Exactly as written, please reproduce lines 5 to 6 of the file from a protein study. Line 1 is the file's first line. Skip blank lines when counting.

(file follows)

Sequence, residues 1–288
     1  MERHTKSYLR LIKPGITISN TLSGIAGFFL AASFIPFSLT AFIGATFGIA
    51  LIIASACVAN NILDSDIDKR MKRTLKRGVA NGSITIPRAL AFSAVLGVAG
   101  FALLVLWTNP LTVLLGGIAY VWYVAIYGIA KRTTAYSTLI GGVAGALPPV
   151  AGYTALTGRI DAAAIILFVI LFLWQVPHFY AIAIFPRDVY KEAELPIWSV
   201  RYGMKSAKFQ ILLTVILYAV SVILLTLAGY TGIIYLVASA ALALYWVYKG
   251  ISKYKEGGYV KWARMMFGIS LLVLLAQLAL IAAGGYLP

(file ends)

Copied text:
   151  AGYTALTGRI DAAAIILFVI LFLWQVPHFY AIAIFPRDVY KEAELPIWSV
   201  RYGMKSAKFQ ILLTVILYAV SVILLTLAGY TGIIYLVASA ALALYWVYKG